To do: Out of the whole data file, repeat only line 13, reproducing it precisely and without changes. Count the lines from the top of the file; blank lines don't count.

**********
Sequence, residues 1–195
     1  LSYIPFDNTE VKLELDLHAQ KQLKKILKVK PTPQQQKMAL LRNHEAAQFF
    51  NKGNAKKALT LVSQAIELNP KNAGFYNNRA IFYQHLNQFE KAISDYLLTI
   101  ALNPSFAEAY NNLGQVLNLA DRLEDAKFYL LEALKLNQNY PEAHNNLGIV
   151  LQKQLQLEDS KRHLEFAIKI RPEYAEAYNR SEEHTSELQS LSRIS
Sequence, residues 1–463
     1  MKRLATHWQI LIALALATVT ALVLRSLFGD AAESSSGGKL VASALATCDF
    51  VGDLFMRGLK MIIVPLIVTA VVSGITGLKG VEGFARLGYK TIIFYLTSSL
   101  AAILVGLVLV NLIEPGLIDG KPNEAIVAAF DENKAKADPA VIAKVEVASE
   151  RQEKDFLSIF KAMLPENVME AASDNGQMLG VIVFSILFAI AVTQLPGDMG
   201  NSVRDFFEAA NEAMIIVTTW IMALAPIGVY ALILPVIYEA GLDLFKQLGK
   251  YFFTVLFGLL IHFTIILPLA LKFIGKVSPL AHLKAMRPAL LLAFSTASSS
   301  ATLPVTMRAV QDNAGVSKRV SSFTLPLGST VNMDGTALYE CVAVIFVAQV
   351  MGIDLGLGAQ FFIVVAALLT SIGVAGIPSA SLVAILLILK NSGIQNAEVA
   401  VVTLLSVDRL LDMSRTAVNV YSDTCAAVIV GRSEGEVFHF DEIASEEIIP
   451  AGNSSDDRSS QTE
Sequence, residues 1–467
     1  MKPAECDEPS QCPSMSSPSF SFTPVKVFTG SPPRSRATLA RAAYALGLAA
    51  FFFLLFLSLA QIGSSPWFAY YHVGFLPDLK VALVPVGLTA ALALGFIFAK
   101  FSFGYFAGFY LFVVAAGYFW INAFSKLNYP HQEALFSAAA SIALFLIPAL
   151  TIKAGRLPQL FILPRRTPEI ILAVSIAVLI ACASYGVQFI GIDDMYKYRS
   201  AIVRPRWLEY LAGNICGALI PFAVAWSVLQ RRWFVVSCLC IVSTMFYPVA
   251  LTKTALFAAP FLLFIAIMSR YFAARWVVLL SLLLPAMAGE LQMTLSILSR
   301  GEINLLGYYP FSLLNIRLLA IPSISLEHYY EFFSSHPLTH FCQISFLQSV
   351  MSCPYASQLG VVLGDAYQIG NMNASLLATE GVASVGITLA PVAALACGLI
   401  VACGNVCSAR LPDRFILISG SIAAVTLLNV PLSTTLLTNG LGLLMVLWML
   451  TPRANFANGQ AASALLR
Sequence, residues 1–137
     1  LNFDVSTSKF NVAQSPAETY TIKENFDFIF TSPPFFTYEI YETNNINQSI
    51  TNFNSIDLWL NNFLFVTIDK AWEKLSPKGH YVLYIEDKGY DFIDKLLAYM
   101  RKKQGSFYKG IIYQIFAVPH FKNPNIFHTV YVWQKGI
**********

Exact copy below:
   301  ATLPVTMRAV QDNAGVSKRV SSFTLPLGST VNMDGTALYE CVAVIFVAQV